Daily US Times: President Joe Biden said it’s time to end ‘America’s longest war’ in Afghanistan but adding that the US will continue to support the country after withdrawing all US troops, but not “militarily”.
“It is time to end America’s longest war,” president Biden said in a speech from the White House room where US airstrikes there were first declared in 2001.
Biden administration officials say the pull-out is to coincide with the 20th anniversary of the 11 September 2001 terror attacks.
At least 2,500 US soldiers are part of the 9,600-strong Nato Afghan mission.
The number of US soldiers on the ground in Afghanistan fluctuates, and according to US media, the current total is closer to 3,500.
US and Nato officials have said the Taliban have so far failed to live up to commitments to reduce violence in Afghanistan.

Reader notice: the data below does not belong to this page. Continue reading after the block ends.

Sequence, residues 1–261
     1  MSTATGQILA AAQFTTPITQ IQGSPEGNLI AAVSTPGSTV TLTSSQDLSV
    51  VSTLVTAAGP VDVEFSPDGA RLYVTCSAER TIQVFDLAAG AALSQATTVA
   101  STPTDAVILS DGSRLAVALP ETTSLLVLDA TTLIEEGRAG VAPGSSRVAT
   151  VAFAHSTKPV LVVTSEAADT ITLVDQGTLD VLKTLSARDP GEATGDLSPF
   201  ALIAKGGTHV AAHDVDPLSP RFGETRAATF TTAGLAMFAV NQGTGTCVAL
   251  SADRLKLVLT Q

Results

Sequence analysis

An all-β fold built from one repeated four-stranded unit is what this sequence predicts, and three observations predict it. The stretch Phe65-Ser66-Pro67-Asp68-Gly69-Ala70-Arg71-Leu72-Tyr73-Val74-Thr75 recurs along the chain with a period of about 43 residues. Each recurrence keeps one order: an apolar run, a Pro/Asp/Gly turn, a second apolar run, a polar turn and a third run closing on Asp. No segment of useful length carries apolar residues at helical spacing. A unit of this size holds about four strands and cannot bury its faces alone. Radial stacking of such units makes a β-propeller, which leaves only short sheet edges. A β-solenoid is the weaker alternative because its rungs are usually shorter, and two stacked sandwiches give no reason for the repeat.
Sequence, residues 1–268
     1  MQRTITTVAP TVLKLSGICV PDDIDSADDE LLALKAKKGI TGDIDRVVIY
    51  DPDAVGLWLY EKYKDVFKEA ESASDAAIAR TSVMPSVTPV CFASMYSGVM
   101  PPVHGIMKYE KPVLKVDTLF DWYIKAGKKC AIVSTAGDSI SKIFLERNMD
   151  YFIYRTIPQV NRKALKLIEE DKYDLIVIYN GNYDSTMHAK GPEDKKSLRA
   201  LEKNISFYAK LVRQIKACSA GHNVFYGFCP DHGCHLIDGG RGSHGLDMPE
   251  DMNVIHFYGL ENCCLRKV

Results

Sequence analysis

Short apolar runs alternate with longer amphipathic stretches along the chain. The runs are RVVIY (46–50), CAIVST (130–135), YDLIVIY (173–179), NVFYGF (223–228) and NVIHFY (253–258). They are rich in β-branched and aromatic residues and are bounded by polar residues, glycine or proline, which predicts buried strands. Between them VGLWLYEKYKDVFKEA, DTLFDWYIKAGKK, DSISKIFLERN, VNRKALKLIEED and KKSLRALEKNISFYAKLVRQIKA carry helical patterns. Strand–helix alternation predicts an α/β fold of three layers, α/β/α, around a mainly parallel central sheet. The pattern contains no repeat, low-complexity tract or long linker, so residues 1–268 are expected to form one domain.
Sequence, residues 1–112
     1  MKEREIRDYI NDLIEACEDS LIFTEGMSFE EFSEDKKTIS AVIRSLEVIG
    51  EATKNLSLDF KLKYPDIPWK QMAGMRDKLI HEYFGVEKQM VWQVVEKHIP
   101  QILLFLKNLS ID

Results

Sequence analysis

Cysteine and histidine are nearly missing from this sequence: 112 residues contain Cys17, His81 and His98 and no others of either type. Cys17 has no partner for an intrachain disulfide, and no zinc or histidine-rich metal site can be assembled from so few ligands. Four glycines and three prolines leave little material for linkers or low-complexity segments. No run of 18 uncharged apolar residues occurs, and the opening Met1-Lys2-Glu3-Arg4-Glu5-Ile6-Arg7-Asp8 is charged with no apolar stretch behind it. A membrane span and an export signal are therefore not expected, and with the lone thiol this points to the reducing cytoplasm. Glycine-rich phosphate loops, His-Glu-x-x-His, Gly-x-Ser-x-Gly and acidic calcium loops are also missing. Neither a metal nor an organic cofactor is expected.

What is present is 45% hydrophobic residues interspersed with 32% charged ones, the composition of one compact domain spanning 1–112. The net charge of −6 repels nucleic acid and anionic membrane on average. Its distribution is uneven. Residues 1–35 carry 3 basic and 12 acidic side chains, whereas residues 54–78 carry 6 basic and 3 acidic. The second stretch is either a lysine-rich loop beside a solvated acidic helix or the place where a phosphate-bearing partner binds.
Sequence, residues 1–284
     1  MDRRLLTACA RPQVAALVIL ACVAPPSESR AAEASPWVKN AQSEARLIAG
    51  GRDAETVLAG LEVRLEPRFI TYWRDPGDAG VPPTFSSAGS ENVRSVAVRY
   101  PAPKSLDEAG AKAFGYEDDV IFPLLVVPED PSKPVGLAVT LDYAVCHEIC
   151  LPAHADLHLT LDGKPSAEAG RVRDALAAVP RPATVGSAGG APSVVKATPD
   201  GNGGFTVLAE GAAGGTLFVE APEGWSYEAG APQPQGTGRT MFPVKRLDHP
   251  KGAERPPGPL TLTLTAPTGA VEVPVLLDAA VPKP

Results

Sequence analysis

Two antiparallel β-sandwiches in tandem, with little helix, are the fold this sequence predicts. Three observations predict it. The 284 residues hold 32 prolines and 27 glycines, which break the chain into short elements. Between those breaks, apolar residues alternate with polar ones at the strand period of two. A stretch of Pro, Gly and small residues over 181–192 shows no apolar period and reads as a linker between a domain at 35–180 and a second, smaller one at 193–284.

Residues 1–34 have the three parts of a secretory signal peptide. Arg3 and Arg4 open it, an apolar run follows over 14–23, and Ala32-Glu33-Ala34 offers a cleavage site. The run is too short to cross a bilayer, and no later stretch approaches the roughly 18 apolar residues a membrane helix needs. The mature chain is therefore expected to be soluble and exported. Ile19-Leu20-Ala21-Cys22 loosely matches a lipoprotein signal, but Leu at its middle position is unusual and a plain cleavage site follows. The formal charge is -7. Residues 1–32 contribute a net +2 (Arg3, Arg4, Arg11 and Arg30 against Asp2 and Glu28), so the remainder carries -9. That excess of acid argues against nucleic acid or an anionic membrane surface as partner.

Afghan officials say that they will continue peace talks in preparation for the withdrawal.
Afghan President Ashraf Ghani tweeted that he had spoken with president Biden on phone on Wednesday and that the country “respects the US decision and we will work with our US partners to ensure a smooth transition”.
Mr Ghani added that Afghanistan’s defence forces “are fully capable of defending its people and country”.
Mr Biden, the fourth president to oversee the war, said in his White House briefing: “We cannot continue the cycle of extending or expanding our military presence in Afghanistan hoping to create the ideal conditions for our withdrawal, expecting a different result.”